While student loan debt is a burden on you and your wallet, it doesn’t have to prevent you from buying a house. Forbes estimated there are 45 million borrowers for student loans that add up to 1.6 trillion dollars! So, be reassured that you are not alone.
As long as the monthly payments fall within your budget and you’re okay taking on more debt, you can buy a house with student loan debt. There are even assistance programs through the Texas State Affordable Housing Corporation to help you!
Here’s how to buy a house when you have student loan debt:
1. Review your credit score.
Credit scores impact if you’ll qualify for a mortgage loan and if your interest rate will be low or high. The best home loan rates go to buyers with a score of 700 or above. Sometimes it ranges depending on the mortgage company, so you may still qualify for a mortgage with a lower score.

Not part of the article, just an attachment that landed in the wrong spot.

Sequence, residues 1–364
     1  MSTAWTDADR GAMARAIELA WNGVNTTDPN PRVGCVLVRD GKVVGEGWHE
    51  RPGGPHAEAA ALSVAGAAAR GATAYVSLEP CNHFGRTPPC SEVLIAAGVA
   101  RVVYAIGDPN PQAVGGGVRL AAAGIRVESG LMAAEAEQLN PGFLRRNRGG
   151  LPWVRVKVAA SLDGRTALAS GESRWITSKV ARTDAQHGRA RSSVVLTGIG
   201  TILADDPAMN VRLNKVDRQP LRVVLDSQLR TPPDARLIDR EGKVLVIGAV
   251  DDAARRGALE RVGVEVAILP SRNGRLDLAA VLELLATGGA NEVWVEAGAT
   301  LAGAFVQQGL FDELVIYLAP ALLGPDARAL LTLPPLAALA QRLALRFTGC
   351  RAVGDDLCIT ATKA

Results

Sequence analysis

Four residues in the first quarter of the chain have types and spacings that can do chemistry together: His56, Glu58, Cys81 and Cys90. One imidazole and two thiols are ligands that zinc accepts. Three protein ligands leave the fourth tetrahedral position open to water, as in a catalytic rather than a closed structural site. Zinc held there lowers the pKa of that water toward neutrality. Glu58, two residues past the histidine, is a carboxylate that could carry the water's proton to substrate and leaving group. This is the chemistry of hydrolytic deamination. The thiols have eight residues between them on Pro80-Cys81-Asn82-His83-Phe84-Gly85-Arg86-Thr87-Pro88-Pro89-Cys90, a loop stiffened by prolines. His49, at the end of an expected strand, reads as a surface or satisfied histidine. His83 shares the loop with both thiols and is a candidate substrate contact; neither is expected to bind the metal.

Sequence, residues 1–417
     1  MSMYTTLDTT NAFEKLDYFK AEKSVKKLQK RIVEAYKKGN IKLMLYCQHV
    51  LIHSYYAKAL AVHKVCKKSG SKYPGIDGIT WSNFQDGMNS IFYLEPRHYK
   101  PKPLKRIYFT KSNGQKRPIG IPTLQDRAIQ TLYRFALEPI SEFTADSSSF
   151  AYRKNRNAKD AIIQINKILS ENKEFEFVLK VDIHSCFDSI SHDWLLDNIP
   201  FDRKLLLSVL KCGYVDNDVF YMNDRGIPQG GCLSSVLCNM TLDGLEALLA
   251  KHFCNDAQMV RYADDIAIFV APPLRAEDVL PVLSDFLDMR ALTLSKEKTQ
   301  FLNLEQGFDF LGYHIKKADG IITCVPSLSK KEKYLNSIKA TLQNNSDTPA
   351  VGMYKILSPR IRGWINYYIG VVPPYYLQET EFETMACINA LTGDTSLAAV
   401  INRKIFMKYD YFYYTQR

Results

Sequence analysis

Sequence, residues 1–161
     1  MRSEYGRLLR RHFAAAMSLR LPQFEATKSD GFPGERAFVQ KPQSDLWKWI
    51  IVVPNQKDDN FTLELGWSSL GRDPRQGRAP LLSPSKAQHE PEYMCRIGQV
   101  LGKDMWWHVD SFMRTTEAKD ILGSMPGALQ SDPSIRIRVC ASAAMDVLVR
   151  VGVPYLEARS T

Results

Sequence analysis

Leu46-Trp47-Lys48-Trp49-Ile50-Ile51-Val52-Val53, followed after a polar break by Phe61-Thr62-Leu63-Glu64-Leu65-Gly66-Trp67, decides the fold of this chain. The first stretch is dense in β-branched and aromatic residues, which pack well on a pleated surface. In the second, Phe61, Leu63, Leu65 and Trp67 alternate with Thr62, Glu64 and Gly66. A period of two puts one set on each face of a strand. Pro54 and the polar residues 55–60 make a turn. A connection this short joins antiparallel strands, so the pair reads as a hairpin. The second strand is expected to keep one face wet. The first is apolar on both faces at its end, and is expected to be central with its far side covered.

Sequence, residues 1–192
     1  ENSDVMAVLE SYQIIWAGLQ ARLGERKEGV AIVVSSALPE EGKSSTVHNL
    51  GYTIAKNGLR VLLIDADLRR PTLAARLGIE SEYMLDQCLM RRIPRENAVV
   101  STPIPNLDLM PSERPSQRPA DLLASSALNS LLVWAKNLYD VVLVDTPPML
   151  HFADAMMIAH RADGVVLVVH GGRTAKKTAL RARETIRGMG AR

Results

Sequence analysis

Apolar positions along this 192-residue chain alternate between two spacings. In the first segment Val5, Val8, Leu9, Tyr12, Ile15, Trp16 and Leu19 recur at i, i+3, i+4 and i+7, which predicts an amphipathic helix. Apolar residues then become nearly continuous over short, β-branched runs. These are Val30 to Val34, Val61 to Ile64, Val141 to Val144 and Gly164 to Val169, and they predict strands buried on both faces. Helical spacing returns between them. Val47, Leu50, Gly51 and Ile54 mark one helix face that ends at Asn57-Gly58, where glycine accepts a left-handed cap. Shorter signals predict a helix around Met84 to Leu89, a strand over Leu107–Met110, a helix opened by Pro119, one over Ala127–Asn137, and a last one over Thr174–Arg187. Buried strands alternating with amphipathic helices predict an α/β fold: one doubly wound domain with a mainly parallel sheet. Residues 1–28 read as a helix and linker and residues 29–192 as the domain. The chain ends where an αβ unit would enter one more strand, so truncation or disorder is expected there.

If you need help improving your credit score, here’s how.
Pay your bill on time every time.
Payment history makes up a lot of your credit score, so it’s important to pay before or on the due date. A lot of credit cards and apps have an option to set up reminders or automatic payments.
Lower your credit utilization ratio.
The ratio measures how much of your total available credit you’re using. Typically, less is better for your credit score. To lower the ratio and increase your score, pay down some of your loans, and keep your credit card balance under 30%.
Keep current credit cards open.
This will help prove a long credit history, and you have managed debt before.
Avoid opening new credit accounts.